Becca Kufrin wants to remind everyone that she's just fine as she is. Having been engaged and broken up with on TV — and then engaged again — Kufrin has bared it all. And as a result, she's faced no shortage of negative media speculation. Now, Kufrin is opening up about her post-Bachelorette mental health, calling out social media trolls on Instagram with the hashtag #AsSheIs.
On Nov. 6, Kufrin posted a makeup-free post with her Corgi on Instagram and captioned the photo with a lengthy reminder of the toxicity of social media. In the caption, the former reality star recalled the past two years, in which she was thrust into the limelight after first appearing on The Bachelor, and the criticism she's faced for her appearance and relationships. "Nothing could prepare me for the amount of constant commentary and opinions being thrown at me," she wrote in part. "This feedback not only includes criticism on my love life, but on how I look, speak, dress, and apply (or don’t apply) my makeup."
According to her caption, all of these critiques ultimately took an overwhelming toll on Kufrin's mental health, and she admitted to having days where she didn't want to leave bed due to anxiety.
Part of what made the criticism so difficult to manage, the reality star said, was social media. And, as social media continues to grow, Kufrin is worried that the antagonism online will only grow with it. "Because of that, so will our insecurities, jealousies and hurdles we face as women," she shared. "And it’s the unfortunate truth that social media is linked to a significant increase in anxiety, depression, suicide and body image issues."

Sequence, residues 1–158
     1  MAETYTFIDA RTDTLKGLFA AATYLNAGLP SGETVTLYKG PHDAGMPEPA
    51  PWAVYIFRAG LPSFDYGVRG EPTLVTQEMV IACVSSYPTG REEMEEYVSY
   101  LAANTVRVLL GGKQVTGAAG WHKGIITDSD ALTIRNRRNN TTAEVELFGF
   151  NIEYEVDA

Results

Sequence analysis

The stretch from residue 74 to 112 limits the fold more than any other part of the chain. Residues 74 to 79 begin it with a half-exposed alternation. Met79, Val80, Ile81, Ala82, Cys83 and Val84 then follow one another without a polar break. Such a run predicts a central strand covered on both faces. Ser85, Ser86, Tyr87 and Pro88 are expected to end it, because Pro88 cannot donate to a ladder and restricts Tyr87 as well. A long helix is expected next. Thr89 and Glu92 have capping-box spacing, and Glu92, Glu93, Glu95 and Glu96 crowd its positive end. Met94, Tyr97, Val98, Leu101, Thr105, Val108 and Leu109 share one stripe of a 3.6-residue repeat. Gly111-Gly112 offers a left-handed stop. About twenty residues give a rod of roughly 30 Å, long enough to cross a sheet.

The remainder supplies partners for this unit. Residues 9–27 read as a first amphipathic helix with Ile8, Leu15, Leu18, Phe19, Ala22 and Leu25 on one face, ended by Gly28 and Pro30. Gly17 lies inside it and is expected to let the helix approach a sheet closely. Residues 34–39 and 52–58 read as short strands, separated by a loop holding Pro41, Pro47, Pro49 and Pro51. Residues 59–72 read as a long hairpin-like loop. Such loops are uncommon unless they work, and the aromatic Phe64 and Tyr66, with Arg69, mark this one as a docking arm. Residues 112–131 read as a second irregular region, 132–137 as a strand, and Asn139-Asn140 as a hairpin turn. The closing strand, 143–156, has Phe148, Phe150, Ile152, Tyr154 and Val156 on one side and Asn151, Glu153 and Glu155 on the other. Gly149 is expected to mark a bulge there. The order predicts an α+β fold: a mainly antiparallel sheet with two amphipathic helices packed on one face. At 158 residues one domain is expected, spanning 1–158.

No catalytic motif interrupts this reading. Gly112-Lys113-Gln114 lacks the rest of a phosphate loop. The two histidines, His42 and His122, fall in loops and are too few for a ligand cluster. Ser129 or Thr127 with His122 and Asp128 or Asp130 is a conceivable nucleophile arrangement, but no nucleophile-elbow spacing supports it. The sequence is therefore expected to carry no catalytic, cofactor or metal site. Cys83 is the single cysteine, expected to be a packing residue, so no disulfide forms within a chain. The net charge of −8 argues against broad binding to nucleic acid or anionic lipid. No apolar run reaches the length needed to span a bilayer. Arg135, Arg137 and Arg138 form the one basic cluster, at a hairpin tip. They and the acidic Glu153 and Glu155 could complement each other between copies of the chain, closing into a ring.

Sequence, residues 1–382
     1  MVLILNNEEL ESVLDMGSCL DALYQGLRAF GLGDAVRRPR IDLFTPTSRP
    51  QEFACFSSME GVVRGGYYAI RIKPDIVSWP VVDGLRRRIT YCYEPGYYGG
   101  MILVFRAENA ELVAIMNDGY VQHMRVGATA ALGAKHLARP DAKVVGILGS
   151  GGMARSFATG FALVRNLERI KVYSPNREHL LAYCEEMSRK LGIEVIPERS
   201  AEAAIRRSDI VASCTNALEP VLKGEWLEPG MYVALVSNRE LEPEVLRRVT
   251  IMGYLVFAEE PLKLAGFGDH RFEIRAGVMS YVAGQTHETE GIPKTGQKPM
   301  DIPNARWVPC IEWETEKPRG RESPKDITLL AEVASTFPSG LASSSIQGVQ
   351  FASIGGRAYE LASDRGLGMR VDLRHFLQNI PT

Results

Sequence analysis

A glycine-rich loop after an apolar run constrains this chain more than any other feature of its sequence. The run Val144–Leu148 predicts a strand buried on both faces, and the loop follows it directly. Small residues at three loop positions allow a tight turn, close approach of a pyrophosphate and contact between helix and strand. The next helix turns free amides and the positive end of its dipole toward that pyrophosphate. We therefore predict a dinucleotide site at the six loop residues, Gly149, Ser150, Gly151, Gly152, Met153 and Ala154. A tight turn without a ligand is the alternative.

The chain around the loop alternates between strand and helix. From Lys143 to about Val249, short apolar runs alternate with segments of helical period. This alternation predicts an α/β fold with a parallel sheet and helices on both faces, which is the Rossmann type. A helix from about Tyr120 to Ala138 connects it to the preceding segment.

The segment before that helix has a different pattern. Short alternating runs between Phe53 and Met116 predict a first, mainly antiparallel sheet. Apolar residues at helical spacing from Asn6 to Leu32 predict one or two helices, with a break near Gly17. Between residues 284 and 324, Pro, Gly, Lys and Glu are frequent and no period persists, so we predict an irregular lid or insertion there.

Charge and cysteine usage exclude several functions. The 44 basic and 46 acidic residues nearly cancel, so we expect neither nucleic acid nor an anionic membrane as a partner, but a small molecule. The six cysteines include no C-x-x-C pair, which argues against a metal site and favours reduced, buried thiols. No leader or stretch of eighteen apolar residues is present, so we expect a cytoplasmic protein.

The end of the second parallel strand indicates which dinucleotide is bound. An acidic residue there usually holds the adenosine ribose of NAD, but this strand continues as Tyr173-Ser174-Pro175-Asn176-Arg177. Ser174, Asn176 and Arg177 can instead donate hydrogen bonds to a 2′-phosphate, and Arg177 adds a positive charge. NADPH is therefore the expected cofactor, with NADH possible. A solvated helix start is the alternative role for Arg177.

Now, the one time Bachelorette wants to use her platform to try to change how social media users communicate, specifically women. In her lengthy caption, she implored her female followers to focus on each other's positives, and avoid making nasty comments on social media. To that end, she highlighted the #AsSheIs challenge, made specifically to celebrate women going unfiltered on Instagram.
Kufrin's message of spreading positivity online isn't exactly new. However, it is indicative of an experience that only a minority of us go through — starring on The Bachelorette and baring one's emotions for the cameras. In fact, Kufrin is far from the only Bachelorette who has opened up about mental health on social media after starring in the series.
Bachelorette alums Kaitlyn Bristowe and Hannah Brown experienced slut-shaming first-hand during their seasons, and they've both spoken about how discouraging the public scrutiny can be. And other Bachelor alums, like Tia Booth, have spoken out about how hard it is to have fans and media constantly obsessing over details of their private lives.
So, next time you want to comment on a Bachelorette's Instagram — or anybody's social media, for that matter — maybe follow Kufrin's lead. "Spread a little kindness," she encouraged her followers, "tell a stranger how contagious her smile is in a recent photo, double tap a compliment, and remember to go easy on others and yourself."
If you or someone you know is seeking help for mental health concerns, visit the National Alliance on Mental Health (NAMI) website, or call 1-800-950-NAMI(6264). For confidential treatment referrals, visit the Substance Abuse and Mental Health Services Administration (SAMHSA) website, or call the National Helpline at 1-800-662-HELP(4357). In an emergency, contact the National Suicide Prevention Lifeline at 1-800-273-TALK(8255) or call 911.